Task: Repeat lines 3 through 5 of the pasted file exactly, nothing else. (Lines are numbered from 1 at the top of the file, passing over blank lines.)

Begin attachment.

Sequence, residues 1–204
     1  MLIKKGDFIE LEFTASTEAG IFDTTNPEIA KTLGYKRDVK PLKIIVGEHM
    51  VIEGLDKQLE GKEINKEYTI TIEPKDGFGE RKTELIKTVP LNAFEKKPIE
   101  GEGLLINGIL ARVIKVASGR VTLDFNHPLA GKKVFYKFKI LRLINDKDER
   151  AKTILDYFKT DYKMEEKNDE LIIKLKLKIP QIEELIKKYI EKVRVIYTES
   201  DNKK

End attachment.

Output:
    51  VIEGLDKQLE GKEINKEYTI TIEPKDGFGE RKTELIKTVP LNAFEKKPIE
   101  GEGLLINGIL ARVIKVASGR VTLDFNHPLA GKKVFYKFKI LRLINDKDER
   151  AKTILDYFKT DYKMEEKNDE LIIKLKLKIP QIEELIKKYI EKVRVIYTES